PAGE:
Monday, December 11, 2017
Kicking the Afghan Syndrome
Vladimir Putin’s triumphant
arrival to Syria today reminds one of the moment in 1991 when the US President George H. W. Bush declared that he and his
country, because of its quick victory in the Gulf War, had kicked the Vietnam Syndrome once and for all. In retrospect the
diagnosis is rather debatable, after what his son and others managed to do in the same part of the world.
One wonders also whether the Russians will experience the same feeling
now. In contrast to their humiliation in Afghanistan some thirty years ago, and to a lesser extent in Chechnia, their work
in Syria – with roughly the same goal as the US had in Vietnam, that is, propping up an ally in the midst of an insurgency
to the point that it could declare ‘victory’ in being able, at least ostensibly, to defend itself – has
But also like Indochina and Afghanistan
(and Chechnia, for that matter), Syria is a hard, messy place, and not much celebrated for gratitude or absolution.
Monday, November 6, 2017
Too Much Zeal
The stirring moves
in Saudi in the past several days suggest haste and poor planning. It is hard to believe they will succeed in their aim. What
if they do not? A reversal, most likely, perhaps in the form of a coup. How much and how far the violence would spread should
worry many people now.
Thursday, September 14, 2017
In anticipation of Theresa May's upcoming speech in Florence,
Talleyrand would recall another speech there about Europe that became rather famous -- by Roy Jenkins, nearly forty years
'I believe that a new, more compelling
and rewarding but still arduous approach is necessary.
We must also change the metaphor. Let us think of a long-jumper. He starts with a rapid succession of steps, lengthens
his stride, increases his momentum, and then makes his leap'
Bonne chance, Madame May.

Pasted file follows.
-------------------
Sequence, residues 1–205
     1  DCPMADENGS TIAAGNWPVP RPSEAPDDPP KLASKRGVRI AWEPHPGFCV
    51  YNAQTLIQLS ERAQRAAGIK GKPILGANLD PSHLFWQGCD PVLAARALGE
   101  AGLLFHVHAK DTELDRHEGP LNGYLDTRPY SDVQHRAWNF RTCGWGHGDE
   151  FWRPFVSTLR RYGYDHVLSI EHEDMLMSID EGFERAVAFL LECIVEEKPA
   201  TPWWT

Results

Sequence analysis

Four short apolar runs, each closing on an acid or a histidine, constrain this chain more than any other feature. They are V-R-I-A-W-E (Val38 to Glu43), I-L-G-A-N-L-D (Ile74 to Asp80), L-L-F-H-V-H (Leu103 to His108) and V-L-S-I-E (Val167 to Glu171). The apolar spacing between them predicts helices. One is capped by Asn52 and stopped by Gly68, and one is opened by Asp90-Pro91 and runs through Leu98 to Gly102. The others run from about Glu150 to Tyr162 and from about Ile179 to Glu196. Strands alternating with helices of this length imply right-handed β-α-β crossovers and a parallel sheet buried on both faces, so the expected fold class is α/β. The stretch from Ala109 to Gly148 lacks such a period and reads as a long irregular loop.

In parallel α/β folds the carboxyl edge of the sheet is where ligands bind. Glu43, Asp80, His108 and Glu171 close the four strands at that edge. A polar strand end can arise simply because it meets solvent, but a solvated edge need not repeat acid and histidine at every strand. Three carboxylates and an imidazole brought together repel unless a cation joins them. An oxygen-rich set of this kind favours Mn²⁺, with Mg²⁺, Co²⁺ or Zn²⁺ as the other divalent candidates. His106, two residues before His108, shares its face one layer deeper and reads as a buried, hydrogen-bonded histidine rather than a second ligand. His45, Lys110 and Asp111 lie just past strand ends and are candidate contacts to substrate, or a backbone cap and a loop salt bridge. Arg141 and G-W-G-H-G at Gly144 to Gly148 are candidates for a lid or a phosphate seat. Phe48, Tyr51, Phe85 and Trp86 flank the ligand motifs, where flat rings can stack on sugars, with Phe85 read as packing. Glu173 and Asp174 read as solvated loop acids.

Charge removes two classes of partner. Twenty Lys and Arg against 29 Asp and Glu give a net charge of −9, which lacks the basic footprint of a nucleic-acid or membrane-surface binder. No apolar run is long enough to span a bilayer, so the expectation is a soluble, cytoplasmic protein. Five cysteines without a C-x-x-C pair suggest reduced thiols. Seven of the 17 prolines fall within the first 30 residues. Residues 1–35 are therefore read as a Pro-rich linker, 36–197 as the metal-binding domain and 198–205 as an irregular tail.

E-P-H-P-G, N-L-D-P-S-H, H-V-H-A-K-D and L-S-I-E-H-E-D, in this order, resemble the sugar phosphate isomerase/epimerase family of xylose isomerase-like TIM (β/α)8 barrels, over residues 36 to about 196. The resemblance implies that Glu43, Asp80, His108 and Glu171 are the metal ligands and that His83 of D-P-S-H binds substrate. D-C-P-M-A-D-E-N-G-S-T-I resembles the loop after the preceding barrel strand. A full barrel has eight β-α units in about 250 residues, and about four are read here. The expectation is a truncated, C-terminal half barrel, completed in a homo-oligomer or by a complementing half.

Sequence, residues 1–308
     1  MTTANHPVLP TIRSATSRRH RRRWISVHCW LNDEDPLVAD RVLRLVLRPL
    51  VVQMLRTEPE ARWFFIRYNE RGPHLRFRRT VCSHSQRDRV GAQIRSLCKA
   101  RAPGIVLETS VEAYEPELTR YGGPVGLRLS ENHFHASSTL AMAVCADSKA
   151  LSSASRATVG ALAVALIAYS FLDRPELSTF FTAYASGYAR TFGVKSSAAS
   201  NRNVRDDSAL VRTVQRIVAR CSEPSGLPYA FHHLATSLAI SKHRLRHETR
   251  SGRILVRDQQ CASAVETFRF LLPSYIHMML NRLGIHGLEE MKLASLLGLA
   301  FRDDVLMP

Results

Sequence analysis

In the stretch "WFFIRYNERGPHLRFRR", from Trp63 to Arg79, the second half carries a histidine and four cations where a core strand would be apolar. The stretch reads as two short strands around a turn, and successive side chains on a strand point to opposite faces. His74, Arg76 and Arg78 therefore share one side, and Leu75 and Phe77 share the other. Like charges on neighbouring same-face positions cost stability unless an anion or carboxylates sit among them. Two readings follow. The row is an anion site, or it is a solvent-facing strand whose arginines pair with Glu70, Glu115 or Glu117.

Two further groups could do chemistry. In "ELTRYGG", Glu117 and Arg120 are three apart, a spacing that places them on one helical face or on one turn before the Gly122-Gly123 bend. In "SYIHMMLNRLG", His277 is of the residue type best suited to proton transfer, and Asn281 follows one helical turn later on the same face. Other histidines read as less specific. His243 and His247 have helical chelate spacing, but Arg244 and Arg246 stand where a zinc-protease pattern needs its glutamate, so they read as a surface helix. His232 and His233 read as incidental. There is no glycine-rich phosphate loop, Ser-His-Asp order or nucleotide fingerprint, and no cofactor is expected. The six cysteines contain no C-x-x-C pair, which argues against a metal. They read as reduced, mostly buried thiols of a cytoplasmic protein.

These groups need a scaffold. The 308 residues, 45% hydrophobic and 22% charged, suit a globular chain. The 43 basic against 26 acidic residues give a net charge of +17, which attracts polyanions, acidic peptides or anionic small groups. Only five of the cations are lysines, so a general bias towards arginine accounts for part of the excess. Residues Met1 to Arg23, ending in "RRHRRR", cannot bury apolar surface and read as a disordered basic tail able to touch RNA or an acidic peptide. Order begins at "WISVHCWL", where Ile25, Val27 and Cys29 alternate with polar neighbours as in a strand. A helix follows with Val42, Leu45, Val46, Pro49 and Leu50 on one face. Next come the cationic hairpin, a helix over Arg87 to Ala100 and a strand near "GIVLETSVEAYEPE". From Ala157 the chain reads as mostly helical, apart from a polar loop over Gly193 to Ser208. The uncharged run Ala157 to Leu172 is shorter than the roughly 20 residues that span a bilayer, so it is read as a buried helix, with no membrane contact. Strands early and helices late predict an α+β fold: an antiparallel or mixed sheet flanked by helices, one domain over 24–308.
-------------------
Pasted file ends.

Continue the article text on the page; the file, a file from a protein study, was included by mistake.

Sunday, September 3, 2017
North Korea's regime now claims to have tested a hydrogen
weapon. It has recently tested more missiles than it has in a long time. Yet, the consensus among the world's experts is still,
after some two decades, that the North Koreans are extortionists who can be alternately browbeaten or bought off, and
the status quo ante will resume.
knows very little about these odd people. But he has asked a number of times -- eg here and here -- for evidence of the inner thoughts of the North Koreans. What if they are not extortionists but have some other aim besides
'regime survival'? Or, what if their definition of extortion is not the same as others'?
Governments that do not wish to fear the worst from North Korea need to determine
a collective aim and then determine what each is prepared to do to achieve it. Even then, it may too late to impose a unified
front against this menace of a regime, and succeed. But if there is to be any aim achieved that is not exclusively North Korea's,
then certainly it will follow from a policy that is not based upon wishful thinking or upon any other speculation over what
Kim Jong Un wants and will do, but upon what his adversaries want and need in this region.
The foregoing is not rocket science [sic]. It is, going by recent comments
of senior American, Chinese, Japanese, Russian, and South Korean officials, not unfamilar. The question now is not whether
or not it is being acted upon. One way or another, there will probably not be an undramatic denouement to this crisis. The
question is whether its nature, scale, and scope will be decided by North Korea or by its adversaries -- in unison, or not.
Friday, September 1, 2017
Well, perhaps not perfidious,
but certainly odd. After three rounds of negotiations and more than a year since their bizarre vote to leave the European
Union, the UK is still pretending to whistle in the wind about 'Brexit'. Somebody, soon, needs to re-educate the British on the basics of diplomacy, starting with the definition
of 'demandeur'. The British people have a good deal at stake, however much their government has been unserious, or worse.